Active Trans: Has bicycling infrastructure improved in these communities?
Castillo: CDOT [the Chicago Department of Transportation] is working to extend the bike network. It’s definitely an improvement. Sometimes you don’t know if you should follow this “build it and they will come” model or if you should get people ready before it comes. So we’re trying to work on it both ways.
It’s very interesting. Even though the infrastructure is there, sometimes people in these neighborhoods don’t use it because the bike lane is really not connected to any other network that they use. Like people may use it to go for a bike ride on the weekends, which is great, but maybe they would have preferred a bike lane that they can use to bike to work or school, and there isn’t a network for that. So the city needs to build infrastructure around the needs of the people. And we haven’t seen that community outreach from the city. So therefore residents don’t connect with the network or the infrastructure that has been installed in their communities just because they feel like they didn’t have a say of why they’re going to be installed where they are.
The city really needs to get the buy-in of the community to see if people are actually going to need it there or not. So what we’re saying is bike infrastructure might have to look different in the South and West Sides just because of the needs of the community.
We need CDOT and other city agencies to really get the community’s buy-in. It’s not just marketing and outreach. It’s also educating people. That’s the way we see Slow Roll coming in and playing a role in facilitating that communication between the city agencies and the community.
Active Trans: In addition to advocating for biking infrastructure and equity, Slow Roll hosts organized bike rides, mainly on the South and West Sides. What kind feedback do you get from participants about the bike rides? What has surprised them about the bike rides?
Castillo: People want to bike in the city more, but they don’t feel comfortable doing it by themselves. So they find it really refreshing and safe to be able to bike with a group of people because we’re not going fast, and we’re just trying to keep everyone safe. So the feedback we get constantly is that people enjoy it so much because they’re able to have conversations with other people and feel comfortable riding.
People also enjoy being able to experience the neighborhood. Some people may have been to this neighborhood before, but we try to choose a ride that tells more of the story of the neighborhood. Some streets may not be well-known. We point out beautiful architecture, historic buildings and parks that people may not have been aware of. At the end of the ride, they are always grateful and happy that they got to experience this neighborhood differently.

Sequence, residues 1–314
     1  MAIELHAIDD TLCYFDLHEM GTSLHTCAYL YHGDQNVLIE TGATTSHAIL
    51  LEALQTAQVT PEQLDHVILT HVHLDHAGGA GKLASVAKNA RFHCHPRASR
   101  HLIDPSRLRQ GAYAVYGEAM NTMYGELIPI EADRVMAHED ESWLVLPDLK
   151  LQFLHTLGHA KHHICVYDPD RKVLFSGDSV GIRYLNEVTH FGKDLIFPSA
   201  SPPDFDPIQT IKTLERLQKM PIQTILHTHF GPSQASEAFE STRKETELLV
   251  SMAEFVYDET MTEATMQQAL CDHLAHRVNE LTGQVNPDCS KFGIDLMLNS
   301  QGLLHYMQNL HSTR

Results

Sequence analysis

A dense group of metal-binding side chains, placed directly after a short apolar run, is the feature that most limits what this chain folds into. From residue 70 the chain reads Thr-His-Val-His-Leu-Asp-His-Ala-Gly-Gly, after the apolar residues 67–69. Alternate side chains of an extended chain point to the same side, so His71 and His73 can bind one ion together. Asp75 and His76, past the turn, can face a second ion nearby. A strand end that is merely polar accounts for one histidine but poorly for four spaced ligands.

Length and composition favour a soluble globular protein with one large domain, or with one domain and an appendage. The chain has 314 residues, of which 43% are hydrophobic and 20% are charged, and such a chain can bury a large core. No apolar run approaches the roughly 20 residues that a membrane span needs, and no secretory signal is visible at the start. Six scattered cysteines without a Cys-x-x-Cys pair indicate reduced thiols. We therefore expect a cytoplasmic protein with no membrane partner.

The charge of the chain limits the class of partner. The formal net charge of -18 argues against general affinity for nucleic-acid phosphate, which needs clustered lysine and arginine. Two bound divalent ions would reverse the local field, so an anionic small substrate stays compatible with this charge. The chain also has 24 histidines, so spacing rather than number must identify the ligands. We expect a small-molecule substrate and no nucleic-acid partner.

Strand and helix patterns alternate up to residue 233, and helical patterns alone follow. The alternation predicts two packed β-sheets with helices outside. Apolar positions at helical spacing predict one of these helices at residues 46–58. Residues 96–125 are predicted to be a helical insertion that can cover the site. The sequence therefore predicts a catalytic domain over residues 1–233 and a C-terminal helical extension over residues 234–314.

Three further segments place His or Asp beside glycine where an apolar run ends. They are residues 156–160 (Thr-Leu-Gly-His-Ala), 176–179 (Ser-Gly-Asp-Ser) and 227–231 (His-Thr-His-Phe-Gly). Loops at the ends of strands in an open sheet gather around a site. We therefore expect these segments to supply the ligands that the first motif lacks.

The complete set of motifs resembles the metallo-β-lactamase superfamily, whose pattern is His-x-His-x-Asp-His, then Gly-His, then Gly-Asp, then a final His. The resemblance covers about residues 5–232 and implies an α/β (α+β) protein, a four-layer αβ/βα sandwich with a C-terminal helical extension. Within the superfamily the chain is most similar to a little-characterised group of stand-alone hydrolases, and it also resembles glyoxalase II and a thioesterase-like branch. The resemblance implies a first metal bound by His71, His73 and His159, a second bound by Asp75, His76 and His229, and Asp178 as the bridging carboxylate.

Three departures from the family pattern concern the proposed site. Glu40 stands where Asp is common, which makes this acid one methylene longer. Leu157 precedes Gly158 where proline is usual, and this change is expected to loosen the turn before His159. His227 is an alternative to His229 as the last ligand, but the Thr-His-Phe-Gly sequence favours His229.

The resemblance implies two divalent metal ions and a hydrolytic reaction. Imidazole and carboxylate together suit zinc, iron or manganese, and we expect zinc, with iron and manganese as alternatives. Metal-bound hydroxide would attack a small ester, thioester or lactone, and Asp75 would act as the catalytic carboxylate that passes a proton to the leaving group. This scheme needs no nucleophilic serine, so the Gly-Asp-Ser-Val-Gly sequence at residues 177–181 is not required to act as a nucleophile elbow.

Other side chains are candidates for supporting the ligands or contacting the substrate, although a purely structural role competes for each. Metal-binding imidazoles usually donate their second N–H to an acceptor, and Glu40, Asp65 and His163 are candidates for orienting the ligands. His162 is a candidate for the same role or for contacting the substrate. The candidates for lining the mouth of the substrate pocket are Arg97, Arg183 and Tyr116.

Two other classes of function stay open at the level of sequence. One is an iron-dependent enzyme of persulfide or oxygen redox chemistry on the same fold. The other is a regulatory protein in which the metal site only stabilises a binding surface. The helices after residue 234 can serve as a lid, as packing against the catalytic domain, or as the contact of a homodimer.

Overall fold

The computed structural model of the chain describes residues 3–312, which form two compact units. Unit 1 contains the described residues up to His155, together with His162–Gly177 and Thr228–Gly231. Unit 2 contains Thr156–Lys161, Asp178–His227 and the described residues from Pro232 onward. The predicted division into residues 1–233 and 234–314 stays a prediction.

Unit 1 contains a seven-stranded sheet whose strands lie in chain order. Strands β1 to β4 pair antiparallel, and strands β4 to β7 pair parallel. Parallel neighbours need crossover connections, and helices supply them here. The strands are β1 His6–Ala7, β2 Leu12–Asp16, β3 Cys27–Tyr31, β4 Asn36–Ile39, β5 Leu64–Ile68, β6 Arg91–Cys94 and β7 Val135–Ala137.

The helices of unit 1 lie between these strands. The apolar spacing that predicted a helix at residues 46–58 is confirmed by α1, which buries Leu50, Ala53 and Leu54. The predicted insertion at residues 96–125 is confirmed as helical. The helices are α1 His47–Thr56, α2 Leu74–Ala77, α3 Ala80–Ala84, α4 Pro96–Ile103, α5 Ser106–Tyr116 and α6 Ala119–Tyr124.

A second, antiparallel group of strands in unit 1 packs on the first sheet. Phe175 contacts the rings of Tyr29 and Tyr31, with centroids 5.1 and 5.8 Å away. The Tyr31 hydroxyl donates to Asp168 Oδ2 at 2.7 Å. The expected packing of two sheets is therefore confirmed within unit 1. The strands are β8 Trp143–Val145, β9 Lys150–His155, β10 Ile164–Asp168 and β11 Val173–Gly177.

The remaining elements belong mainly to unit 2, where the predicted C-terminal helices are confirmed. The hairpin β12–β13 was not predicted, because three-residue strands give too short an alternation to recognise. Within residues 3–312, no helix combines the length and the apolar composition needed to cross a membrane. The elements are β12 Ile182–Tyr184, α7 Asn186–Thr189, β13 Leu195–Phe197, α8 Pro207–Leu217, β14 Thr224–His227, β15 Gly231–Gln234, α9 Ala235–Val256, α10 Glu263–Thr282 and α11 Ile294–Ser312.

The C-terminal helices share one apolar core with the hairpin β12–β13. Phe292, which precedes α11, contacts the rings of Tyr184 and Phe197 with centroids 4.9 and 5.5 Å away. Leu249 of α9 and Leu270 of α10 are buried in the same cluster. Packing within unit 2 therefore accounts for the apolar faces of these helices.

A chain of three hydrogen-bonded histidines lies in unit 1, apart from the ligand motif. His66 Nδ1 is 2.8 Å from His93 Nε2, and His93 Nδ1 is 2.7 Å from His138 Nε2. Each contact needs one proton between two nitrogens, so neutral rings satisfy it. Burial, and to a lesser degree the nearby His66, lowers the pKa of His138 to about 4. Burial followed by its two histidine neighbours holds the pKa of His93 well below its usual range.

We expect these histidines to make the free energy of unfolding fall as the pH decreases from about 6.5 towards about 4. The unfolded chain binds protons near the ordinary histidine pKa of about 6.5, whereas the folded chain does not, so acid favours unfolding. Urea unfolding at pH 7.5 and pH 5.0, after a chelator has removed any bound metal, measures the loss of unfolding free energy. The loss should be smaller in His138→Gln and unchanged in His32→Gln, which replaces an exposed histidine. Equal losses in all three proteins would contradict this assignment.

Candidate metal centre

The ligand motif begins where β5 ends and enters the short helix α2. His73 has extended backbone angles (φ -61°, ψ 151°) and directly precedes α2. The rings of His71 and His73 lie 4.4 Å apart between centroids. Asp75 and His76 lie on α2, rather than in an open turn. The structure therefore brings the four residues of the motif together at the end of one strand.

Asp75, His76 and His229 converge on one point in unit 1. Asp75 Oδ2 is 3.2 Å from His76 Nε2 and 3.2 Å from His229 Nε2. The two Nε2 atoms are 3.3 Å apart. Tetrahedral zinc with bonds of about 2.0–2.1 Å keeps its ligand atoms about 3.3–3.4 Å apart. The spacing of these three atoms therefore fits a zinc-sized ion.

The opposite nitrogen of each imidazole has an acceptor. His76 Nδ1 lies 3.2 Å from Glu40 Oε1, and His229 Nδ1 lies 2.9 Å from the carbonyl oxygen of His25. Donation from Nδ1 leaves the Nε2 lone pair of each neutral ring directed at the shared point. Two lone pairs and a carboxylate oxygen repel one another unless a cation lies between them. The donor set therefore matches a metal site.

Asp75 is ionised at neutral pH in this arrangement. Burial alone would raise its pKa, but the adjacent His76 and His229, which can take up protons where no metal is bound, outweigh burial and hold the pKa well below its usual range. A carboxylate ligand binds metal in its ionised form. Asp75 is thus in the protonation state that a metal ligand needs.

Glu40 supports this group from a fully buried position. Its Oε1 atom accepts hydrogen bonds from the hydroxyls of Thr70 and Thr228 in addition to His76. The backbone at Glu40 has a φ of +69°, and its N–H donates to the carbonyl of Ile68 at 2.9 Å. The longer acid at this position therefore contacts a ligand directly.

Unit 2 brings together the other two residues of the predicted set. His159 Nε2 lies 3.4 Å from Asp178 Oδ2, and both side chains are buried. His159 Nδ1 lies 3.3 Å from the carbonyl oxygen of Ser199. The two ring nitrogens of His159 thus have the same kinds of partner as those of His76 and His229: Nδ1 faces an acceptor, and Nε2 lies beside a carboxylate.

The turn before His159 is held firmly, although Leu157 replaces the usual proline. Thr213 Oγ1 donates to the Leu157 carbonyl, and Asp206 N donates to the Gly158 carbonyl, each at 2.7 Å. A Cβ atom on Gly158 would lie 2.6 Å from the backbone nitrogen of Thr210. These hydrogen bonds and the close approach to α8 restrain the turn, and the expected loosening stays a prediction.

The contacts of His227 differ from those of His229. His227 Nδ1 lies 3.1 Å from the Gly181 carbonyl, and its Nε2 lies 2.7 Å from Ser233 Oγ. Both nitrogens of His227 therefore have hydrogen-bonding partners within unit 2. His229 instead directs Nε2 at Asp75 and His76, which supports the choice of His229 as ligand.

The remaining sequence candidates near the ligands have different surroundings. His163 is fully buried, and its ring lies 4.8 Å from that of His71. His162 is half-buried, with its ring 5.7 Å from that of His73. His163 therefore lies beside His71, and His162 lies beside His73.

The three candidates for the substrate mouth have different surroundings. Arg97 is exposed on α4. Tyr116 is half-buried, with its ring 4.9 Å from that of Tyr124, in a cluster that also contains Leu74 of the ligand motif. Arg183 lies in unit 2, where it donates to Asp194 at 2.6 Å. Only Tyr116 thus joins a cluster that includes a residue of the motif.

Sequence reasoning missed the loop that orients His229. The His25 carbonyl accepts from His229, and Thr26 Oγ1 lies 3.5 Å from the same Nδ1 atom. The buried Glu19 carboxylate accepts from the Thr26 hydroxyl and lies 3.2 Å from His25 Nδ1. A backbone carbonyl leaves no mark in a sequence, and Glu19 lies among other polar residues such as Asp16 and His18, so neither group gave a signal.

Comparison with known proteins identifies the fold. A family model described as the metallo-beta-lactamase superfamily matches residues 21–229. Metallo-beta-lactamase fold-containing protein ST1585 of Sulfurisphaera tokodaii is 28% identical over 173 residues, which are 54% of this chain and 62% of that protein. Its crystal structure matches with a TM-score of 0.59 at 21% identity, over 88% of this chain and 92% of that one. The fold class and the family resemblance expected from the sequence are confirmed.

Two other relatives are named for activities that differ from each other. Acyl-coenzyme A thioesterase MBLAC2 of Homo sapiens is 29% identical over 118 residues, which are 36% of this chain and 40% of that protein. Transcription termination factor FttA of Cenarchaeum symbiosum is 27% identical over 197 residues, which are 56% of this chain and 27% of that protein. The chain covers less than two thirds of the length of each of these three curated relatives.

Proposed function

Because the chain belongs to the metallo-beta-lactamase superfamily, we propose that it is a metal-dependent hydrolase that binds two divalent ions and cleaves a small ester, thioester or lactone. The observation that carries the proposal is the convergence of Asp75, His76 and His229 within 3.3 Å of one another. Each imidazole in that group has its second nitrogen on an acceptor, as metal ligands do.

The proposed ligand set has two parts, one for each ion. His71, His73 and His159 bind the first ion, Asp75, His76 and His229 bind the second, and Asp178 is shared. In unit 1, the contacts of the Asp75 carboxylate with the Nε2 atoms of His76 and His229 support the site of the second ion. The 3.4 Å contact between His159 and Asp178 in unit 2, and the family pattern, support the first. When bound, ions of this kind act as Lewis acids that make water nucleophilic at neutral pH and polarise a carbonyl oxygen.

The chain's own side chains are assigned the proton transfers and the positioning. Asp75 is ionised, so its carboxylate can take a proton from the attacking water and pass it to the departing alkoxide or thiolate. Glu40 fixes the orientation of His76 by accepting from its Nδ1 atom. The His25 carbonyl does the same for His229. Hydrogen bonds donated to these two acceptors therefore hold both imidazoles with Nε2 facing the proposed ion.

Active Trans: What kind of impact has Slow Roll Chicago had over the last three years?
Castillo: With the rides, we always work with community-based organizations in the neighborhoods to highlight their work and help us with promotion. We have been able to create stronger networks of community organizations and connect them with one another. For example, last year we connected Universidad Popular with Working Bikes. We had conversations of what kind of collaborations could happen between them. Working Bikes said they had a fleet of bikes in their basement that they were not using. So they gave the bikes to Universidad Popular for one of their health and wellness programs. So people are riding these bike rides every time they use this program specifically. We see Slow Roll as the facilitator or convener of those conversations and being able to strengthen those networks between communities and exchange of ideas and services.
Active Trans: What is Slow Roll Chicago most proud of since it was founded three years ago?
Castillo: Being able to see Big Marsh [Bike Park on the South Side] completed. It was one of the first advocacy projects that Slow Roll undertook when it started. Oboi [Reed], one of the co-founders, also received an award at the White House as a Champion of Change in transportation. It was a great achievement to be recognized because we were nominated by many leaders in the city. So it was a great honor for Slow Roll to receive that. Those are big accomplishments, and it’s only been three years. We’re really hoping for more to come.
Please come to the 2017 Active Trans Awards Reception on Feb. 16, where we will be honoring Slow Roll Chicago, as well as Christopher B. Burke Engineering and MB Financial Bank.
Photo courtesy of Slow Roll Chicago. From left: Dan Black, project coordinator; Romina Castillo, outreach coordinator; and Jamal Julien, co-founder.